Gas Prices Continue To Fall

The national and Oregon averages for gasoline continue to drop and are at their lowest prices since the spring. This marks the 13th consecutive week of declines, which are driven in part by lower crude oil prices. For the week, the national average for regular loses seven cents to $3.71 a gallon. The Oregon average dips four cents to $4.68.

The national average is at its lowest price since early March while the Oregon average is at its lowest price since early April. The national average reached its record high of $5.016 on June 14 while the Oregon average reached its record high of $5.548 on June 15. Both averages have been steadily declining since then. The major drivers of lower pump prices have been falling crude oil prices and several weeks of seasonally low demand for gas during the summer driving season.

“Less expensive oil usually translates into lower pump prices, and this trend has helped pump prices fall for 13 consecutive weeks. Barring unforeseen events, AAA expects gas prices to continue to drop with fall approaching,” says Marie Dodds, public affairs director for AAA Oregon/Idaho. “However, one factor that always has the potential to send oil and gas prices higher is a hurricane that impacts oil and gas infrastructure, production and transportation.”

Crude oil prices have tumbled from recent highs due to fears of economic slowdowns elsewhere around the globe. Crude reached a recent high of $122.11 per barrel on June 8, and ranged from about $94 to $110 per barrel in July. In August, crude prices ranged between about $86 and $97. So far in September, crude prices have been between about $81 and $89 per barrel.

Crude prices rose dramatically leading up to and in the first few months of Russia’s invasion of Ukraine. Russia is one of the world’s top oil producers and its involvement in a war causes market volatility, and sanctions imposed on Russia by the U.S. and other western nations resulted in tighter global oil supplies. Oil supplies were already tight around the world as demand for oil increased as pandemic restrictions eased. A year ago, crude was around $69 per barrel compared to $92 today.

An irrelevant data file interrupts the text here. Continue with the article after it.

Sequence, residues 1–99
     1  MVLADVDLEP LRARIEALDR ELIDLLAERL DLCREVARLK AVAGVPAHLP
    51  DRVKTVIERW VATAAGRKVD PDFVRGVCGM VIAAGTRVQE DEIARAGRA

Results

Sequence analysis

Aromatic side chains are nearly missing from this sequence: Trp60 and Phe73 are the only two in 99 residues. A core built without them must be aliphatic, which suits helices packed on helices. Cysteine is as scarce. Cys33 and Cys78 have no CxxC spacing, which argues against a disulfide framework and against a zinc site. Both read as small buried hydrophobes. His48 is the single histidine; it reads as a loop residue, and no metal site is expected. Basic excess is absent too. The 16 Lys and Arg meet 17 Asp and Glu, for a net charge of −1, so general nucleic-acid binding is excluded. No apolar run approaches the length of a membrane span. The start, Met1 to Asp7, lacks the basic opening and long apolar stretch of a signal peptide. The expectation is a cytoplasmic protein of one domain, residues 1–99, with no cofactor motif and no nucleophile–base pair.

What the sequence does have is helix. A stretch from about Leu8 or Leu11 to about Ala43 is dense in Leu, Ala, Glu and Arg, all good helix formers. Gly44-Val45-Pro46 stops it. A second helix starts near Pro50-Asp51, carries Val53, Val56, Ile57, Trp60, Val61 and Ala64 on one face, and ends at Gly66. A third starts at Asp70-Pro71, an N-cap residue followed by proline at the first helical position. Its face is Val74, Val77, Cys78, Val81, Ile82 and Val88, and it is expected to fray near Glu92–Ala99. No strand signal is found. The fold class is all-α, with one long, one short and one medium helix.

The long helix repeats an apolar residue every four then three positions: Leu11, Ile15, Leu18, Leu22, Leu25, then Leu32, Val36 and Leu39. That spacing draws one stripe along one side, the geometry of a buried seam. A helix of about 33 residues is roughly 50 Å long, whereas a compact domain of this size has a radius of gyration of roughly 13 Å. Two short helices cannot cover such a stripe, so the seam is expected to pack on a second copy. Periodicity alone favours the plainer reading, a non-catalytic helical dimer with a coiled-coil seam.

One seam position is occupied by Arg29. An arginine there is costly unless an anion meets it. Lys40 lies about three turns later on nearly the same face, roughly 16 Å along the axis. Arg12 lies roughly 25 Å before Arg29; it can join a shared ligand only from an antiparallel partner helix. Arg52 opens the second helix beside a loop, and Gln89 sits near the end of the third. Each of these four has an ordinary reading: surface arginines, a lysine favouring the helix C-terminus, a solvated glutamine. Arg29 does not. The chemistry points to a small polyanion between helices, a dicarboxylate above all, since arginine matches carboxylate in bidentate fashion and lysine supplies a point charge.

Crude oil is the main ingredient in gasoline and diesel, so pump prices are impacted by crude prices on the global markets. On average, about 53% of what we pay for in a gallon of gasoline is for the price of crude oil, 12% is refining, 21% distribution and marketing, and 15% are taxes, according to the U.S. Energy Information Administration.

Demand for gasoline in the U.S. increased slightly from 8.59 million b/d to 8.73 million b/d last week. However, this is lower than last year at this time when demand was at 9.61 million b/d. Total domestic gasoline stocks rose by 300,000 bbl to 214.8 million bbl., according to the U.S. Energy Information Administration (EIA). Although gasoline demand has increased slightly, lower oil prices have led to falling pump prices. If gasoline demand begins to subside, as it typically does post-Labor Day with the end of summer driving, pump prices will likely continue to decrease.

The West Coast region continues to have the most expensive pump prices in the nation with all seven states in the top 10. This is typical for the West Coast as this region tends to consistently have fairly tight supplies, consuming about as much gasoline as is produced. In addition, this region is located relatively far from parts of the country where oil drilling, production and refining occurs, so transportation costs are higher. And environmental programs in this region add to the cost of production, storage and distribution.

Source: AAA

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